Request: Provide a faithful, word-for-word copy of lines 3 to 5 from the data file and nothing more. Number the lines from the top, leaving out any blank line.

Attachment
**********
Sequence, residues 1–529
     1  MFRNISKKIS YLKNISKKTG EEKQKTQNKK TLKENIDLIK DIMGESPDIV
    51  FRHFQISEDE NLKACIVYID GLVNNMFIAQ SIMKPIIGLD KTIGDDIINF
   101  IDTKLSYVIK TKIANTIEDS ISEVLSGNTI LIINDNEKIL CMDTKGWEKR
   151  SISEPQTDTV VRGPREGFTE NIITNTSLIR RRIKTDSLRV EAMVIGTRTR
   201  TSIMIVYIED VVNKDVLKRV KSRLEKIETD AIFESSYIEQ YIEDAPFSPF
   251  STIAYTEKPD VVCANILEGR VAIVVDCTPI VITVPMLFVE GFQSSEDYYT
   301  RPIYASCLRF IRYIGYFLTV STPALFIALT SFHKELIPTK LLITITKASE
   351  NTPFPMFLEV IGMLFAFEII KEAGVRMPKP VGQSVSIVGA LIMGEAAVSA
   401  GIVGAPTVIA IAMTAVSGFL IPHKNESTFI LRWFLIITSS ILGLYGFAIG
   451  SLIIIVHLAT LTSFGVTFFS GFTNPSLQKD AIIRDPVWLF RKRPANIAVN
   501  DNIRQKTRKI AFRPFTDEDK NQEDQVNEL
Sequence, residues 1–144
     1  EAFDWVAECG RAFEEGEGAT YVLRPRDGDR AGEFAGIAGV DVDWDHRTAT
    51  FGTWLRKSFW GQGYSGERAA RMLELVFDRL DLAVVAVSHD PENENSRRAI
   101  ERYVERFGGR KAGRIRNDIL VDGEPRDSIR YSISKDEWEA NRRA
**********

    51  FRHFQISEDE NLKACIVYID GLVNNMFIAQ SIMKPIIGLD KTIGDDIINF
   101  IDTKLSYVIK TKIANTIEDS ISEVLSGNTI LIINDNEKIL CMDTKGWEKR
   151  SISEPQTDTV VRGPREGFTE NIITNTSLIR RRIKTDSLRV EAMVIGTRTR